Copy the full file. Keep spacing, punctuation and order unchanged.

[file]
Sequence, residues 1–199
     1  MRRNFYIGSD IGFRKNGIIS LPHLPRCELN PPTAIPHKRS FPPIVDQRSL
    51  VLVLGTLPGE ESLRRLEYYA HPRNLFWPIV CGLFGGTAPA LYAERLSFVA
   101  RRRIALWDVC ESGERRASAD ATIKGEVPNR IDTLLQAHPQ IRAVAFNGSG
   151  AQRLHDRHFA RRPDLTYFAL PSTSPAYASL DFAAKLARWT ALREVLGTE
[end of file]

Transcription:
Sequence, residues 1–199
     1  MRRNFYIGSD IGFRKNGIIS LPHLPRCELN PPTAIPHKRS FPPIVDQRSL
    51  VLVLGTLPGE ESLRRLEYYA HPRNLFWPIV CGLFGGTAPA LYAERLSFVA
   101  RRRIALWDVC ESGERRASAD ATIKGEVPNR IDTLLQAHPQ IRAVAFNGSG
   151  AQRLHDRHFA RRPDLTYFAL PSTSPAYASL DFAAKLARWT ALREVLGTE